Wednesday, 19 March 2014

An interesting article by Steve Walker and Linda Creanor titled 'Towards an ontology of networked learning'.

In this article Steve Walker and Linda Creanor examine the effects of networked learning on the established pedagogical architecture and social processes.  They suggest a possible ‘ontology of elements of learning technology’ and propose a way of thinking about technology, which locates artefacts in networks of social relations and conceptions of technology, avoiding reductive technological determinism.

According to Fleetwood (2005) it is possible to identify at least four modes or reality (material, ideal, artefactual and social) and entities such as technology (in this case) can straddle two or more modes, e.g. the social and material  /  sociomateriality in the design and use of technology.  Walker and Creanor suggest a fifth mode of reality, the ‘computationally real’, comprised of ideally, socially, materially and computationally real dimensions and being causally efficacious.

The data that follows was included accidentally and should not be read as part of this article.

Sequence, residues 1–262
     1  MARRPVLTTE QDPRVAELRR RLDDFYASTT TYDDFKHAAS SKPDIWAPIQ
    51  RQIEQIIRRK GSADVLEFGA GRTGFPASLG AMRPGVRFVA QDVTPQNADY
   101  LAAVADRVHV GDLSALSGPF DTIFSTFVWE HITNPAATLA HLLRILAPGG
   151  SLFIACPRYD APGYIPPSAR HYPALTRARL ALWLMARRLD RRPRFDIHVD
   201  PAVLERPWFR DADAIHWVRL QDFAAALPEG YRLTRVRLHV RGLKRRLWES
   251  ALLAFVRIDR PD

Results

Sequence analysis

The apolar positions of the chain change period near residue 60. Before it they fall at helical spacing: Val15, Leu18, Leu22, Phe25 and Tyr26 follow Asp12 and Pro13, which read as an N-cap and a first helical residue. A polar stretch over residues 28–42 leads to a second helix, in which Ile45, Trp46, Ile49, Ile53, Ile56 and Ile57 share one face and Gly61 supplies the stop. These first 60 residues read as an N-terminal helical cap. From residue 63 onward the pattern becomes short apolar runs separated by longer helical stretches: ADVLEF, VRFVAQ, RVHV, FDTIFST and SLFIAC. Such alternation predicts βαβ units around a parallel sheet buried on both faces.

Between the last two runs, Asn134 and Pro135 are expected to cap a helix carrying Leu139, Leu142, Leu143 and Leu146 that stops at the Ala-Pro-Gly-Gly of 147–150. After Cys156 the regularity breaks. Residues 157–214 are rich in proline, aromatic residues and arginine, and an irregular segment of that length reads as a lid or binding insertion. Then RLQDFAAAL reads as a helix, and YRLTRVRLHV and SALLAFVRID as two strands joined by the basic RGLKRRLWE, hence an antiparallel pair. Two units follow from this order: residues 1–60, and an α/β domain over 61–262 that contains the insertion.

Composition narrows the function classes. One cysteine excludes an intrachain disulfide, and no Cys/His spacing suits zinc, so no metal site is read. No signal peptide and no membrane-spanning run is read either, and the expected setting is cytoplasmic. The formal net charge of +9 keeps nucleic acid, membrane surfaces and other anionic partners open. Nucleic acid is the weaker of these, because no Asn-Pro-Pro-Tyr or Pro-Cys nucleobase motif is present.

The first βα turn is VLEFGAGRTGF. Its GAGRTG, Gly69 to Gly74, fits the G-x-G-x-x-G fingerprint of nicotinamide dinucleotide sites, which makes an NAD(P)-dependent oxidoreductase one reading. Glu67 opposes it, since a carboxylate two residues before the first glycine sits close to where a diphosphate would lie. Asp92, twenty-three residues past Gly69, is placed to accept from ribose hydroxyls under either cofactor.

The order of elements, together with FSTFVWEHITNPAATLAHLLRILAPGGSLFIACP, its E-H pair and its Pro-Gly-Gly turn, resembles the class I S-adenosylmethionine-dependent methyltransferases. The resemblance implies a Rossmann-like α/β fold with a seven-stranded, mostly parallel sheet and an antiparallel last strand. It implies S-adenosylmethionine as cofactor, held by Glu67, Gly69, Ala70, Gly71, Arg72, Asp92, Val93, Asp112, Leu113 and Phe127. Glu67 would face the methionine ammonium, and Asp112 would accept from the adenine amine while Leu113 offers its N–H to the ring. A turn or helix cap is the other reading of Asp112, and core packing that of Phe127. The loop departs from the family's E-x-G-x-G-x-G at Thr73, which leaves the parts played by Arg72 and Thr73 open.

They explore the possible redesign of traditional ‘positioned practices’ in education, examining:


Fleetwood, S. (2005) Ontology in Organization and Management Studies: A Critical  Realist Perspective.Organization, 12, 197-222.

                                                            (contribution by Gita )

1 comment:

  1. I read this article, and think it is really useful to make links between critical realism and the issue of technology and learning. I think the points they make about actor network theory and their differences, ie. that there is a difference between the human and the technological, is very interesting too. I recommend it to people on our project, so thanks.